In 'Ozark,' as in 'Breaking Bad' and 'Weeds,' the drama, comedy and surprise depend on the families being white.
By directly addressing them, Trump mobilized them with a rare, and therefore, disturbing, ease. He deliberately fed their
These are the questions I believe God is asking of the white church. Do we care more about our privilege than the lives of our brothers and sisters? Do we worry more about offending our congregations than moving into a just society? Do we not have ears to hear and eyes to see?
For a while now, I've been thinking about how terms like "white privilege," "inclusion" and "unconscious bias" all sound just... too nice. Don't they seem a little on the pleasant side for words used to address a system of racist oppression?
As a self-proclaimed "woke" white dude, it's sometimes difficult to know how to participate in conversations about race that matter deeply to me. The last thing I want to do is suck up oxygen from the voices that need to be heard.
If we don’t see race, we can’t see racism.
He beamed at me, confident that he had just bestowed upon me one of the great accomplishments that all multiracial women hope for: the badge of honor for completing the last arch in a white man's hook­up rainbow.
We hit a point where he had to change or we were going to separate. That point was the Trayvon Martin trial and verdict. From the moment Trayvon's murder became visible, I dismissed the idea that his murderer's actions were justifiable in any way. Imagine my surprise when Kevin said that the evidence supported the murderer's account.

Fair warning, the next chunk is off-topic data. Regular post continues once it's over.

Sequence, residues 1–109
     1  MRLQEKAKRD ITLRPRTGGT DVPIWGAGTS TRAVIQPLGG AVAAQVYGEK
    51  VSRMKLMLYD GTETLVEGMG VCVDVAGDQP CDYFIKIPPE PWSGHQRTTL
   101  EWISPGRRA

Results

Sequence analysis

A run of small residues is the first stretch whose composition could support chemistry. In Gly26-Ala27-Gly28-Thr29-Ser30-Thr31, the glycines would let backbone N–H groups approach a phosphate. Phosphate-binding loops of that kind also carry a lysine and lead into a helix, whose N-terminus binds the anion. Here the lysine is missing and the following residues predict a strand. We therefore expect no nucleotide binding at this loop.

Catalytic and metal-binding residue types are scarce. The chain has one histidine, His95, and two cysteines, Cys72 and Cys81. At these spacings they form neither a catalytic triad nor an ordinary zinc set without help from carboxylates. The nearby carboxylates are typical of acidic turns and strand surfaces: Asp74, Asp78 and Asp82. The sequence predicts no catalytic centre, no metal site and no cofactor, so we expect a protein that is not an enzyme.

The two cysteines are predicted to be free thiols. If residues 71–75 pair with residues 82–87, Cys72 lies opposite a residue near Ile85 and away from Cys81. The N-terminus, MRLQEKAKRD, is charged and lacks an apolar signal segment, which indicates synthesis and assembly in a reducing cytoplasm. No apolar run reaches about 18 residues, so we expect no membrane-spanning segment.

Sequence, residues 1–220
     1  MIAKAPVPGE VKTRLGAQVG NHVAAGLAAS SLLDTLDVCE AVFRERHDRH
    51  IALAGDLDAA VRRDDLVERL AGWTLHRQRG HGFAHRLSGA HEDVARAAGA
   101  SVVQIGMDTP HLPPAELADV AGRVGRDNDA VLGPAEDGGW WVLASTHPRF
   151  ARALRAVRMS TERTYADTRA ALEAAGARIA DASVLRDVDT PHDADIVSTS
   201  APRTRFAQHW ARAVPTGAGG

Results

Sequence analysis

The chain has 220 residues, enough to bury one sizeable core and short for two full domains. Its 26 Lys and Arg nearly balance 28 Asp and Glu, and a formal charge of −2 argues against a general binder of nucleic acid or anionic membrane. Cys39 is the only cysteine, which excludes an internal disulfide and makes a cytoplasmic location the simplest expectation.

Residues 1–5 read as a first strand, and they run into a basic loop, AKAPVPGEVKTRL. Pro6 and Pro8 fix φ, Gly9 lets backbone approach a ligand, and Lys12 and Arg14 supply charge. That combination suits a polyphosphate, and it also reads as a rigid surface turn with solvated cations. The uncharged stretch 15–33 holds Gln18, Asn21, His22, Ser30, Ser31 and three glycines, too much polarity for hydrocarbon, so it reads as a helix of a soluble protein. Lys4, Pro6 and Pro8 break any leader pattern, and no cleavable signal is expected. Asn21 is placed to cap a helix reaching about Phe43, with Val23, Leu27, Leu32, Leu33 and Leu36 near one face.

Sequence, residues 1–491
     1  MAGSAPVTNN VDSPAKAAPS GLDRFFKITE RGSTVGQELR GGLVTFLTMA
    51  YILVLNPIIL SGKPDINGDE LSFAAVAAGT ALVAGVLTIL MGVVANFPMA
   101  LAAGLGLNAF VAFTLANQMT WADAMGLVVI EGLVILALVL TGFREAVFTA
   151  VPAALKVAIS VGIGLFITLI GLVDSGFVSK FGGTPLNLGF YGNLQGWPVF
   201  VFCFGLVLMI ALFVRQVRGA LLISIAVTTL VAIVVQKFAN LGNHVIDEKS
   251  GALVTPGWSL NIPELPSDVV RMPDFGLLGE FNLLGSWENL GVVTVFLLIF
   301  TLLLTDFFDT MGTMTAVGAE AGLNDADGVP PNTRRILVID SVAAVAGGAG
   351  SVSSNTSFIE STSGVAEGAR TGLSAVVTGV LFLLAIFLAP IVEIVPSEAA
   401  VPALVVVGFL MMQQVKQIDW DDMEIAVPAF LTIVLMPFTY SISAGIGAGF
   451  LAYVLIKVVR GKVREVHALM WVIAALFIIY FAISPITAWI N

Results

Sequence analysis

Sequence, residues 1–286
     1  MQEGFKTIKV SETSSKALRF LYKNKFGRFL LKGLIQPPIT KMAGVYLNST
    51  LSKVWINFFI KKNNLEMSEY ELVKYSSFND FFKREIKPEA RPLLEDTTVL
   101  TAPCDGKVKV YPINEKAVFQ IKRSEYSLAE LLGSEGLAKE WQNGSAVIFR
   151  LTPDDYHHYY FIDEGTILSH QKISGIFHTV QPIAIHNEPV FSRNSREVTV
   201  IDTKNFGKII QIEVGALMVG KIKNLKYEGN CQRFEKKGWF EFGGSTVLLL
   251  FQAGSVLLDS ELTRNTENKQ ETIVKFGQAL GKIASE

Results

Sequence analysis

One word that seems to have become quaint to us is the word "prejudice." We seem to have forgotten prejudice's destructive power. Prejudice is an unfavorable opinion or feeling formed beforehand or without knowledge, thought, or reason.
White authors, we are present in every word and every comma of our work. Our stories are not just stories--they're not--but reflections of us, our worlds, our flaws. Our fantasies do not exist in a vacuum; they are pulled not only by gravity but the weight of reality.
We (white lefties) need to get better at decentering our dominant identities, which can be tough when much of the world is structured, in part, on a scaffolding of white supremacy that places those identities at its center.
As well-meaning, white Americans, we are used to more palatable forms of racism that mask their racist roots and make us feel comfortable. We've grown so accustomed to seeing the wolf in its thinly veiled sheep's clothing, and so reluctant to see otherwise, that the wolf itself shocks us.
I know you feel called out, especially if this happened in front of other people, but here is the good news. No one is trying to correct that one totally bigoted cranky old uncle at the Thanksgiving table.
"Racism is a profound neurosis that nobody examines for what it is."
No one mentions the ways the children are failed, how it is not the responsibility of students of color to educate their ignorant white teachers. No one is horrified that these students were yet again disadvantaged by a system we hold up as the best way for these same kids to get a leg up.
Living as whites within a system that gives us unfair advantages, we often continue to act out those advantages with people of color, even as we seek to address inequity. We expect to lead when we should follow. We expect to teach when we need to learn.